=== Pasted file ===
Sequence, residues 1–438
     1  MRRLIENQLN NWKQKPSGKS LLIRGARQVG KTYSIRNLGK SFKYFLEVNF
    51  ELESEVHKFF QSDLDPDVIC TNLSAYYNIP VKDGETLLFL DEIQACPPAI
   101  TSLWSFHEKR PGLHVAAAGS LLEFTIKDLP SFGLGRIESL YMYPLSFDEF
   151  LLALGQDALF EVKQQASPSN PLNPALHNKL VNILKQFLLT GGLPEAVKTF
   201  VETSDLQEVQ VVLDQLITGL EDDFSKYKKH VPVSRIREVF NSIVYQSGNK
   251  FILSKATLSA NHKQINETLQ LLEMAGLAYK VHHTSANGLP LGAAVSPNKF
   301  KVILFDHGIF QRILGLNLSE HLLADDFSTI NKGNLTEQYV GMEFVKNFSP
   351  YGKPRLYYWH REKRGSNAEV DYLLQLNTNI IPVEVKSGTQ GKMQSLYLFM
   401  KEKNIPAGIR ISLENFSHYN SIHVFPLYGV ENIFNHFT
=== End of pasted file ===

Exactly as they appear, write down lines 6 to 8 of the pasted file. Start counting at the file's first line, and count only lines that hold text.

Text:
   201  VETSDLQEVQ VVLDQLITGL EDDFSKYKKH VPVSRIREVF NSIVYQSGNK
   251  FILSKATLSA NHKQINETLQ LLEMAGLAYK VHHTSANGLP LGAAVSPNKF
   301  KVILFDHGIF QRILGLNLSE HLLADDFSTI NKGNLTEQYV GMEFVKNFSP